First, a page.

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Saturday, 31 March 2012

I took a nap in the afternoon, then didn’t walk particularly far before settling down to sleep under a bench at a covered picnic place, hoping to be up quite early in order to catch a bus back to the capital. On the 25th of April, feast of St Mark the Evangelist, i gratefully picked up my visa at the Kazakh embassy in Kiev, then eventually found a hostel with a spare bed – or rather the German manager of a top-floor place espied me from his balcony, recognised the stuff of which customers are made, and called out to me. His English being excellent i gave him the low-down on my pilgrimage, at which i was invited to his birthday party that evening. After doing some laundry and getting a wash i found myself sharing a taxi with a native Kiev-dweller and an Israeli, on our way to a  bar with a none too tasteful hospital theme; padded walls and staff in doctors’ and nurses’ uniforms. Hmmm. Anyway the birthday boy was picking up the tab for some nice buffet-type food, while the guests tried to keep track of the number of vodka-filled test tubes they’d ordered. Among them was an Englishman from near Diss, Norfolk, which i’d walked through in January. I drank more than was really sensible and i wasn’t alone – there was a pretty raucous atmosphere towards the end, but at least i knew this was unlikely to become a habit.      

   The next day, Tuesday 26th of April, was the 25th anniversary of the Chernobyl disaster, marked by an Easter prayer service in the Church of St Elijah within sight of the stricken power station, conducted by Patriarch Kirill of Moscow and Metroplitan Vladimir of Kiev, and attended by the presidents of Russia and Ukraine, Dmitri Medvedev and Victor Yanukovich. It was given added piquancy by the Fukushima tragedy of the previous month, the only other nuclear accident in history to be assessed as a Level 7 on the International Nuclear Event Scale – though the total volume of radiation released from Chernobyl is thought to have been around ten times higher. Such ceremonies provide an opportunity not least to pay tribute to the heroism and self-sacrifice of the ‘liquidators’, who exposed themselves to hazardous radiation levels while engaged in the fire-fighting and clean-up operations following the disaster. Many of these have in fact survived to this day, among them the artist who put me up in Lityatin, but still require careful and regular monitoring of their health.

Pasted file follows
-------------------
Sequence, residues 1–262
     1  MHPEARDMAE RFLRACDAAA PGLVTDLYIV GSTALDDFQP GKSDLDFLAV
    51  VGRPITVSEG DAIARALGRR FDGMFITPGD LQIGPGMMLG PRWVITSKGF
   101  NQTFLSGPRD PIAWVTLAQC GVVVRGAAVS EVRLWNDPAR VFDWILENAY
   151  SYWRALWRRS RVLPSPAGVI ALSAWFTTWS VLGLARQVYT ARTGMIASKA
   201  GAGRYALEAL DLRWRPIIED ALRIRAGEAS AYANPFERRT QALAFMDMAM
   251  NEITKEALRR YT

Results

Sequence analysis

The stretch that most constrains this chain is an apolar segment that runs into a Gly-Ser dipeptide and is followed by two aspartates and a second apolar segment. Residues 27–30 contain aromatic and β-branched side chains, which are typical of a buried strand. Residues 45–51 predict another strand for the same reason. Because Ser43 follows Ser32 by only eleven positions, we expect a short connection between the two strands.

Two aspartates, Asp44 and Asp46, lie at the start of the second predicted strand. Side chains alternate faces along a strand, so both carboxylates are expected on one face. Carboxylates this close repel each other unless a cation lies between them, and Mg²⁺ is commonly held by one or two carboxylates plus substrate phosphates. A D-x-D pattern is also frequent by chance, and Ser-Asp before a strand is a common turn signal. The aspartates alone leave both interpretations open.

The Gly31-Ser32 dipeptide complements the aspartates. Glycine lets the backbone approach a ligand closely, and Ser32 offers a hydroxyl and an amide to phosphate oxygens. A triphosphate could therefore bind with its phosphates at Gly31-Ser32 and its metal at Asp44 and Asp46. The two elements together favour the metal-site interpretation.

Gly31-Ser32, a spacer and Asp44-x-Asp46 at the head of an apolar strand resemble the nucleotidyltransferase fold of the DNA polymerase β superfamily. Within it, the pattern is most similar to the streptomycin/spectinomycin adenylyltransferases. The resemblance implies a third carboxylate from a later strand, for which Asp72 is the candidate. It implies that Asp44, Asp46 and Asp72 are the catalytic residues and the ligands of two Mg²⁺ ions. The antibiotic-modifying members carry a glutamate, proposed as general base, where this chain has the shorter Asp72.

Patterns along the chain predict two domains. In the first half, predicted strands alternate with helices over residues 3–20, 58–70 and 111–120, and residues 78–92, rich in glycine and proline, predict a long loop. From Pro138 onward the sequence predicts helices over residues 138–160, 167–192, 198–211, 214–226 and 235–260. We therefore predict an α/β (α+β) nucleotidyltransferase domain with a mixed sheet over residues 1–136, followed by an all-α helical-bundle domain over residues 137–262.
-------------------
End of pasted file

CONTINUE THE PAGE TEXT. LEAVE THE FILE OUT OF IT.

My mission that day was to take in as many of Kiev’s must-sees as possible. At the painstaking reconstruction of the city’s Golden Gate however, i realised that i’d left my wallet in the hostel, so i’d have to budget carefully with the few reserve notes i kept about my person to give to robbers. What i did have, wishing to lessen my load by putting it in the post for later retrieval, was my sleeping bag, adorned with possibly the oldest still-in-active-use Velcro anywhere in Europe, if not the world. Next on my itinerary was St Sophia’s Cathedral, a very graceful 11th century building from the outside, but the world renowned frescoes of the interior, in my case, would have to wait until a future visit to Kiev, God-willing, as i didn’t have enough cash to pay the entrance fee. Then i meandered down the cultured Andriivskyi Uzviz, past the charming gold, green, pale blue and white Church of St Andrew, built on the spot where, according to legend, the first-called Apostle himself planted a cross at the dawn of the Christian era. At the foot of that hill one is quite near the riverbank, from where i took the funicular railway to the Monastery of the Archangel Michael, praying in turn before Icons of St George and St Nicholas. Then i went to Independence Square, famously the scene of mass ‘Orange’ demonstrations after 2004’s shady elections. At the main Post Office i made arrangements for the despatch of my sleeping bag to the eastern city of Kharkiv.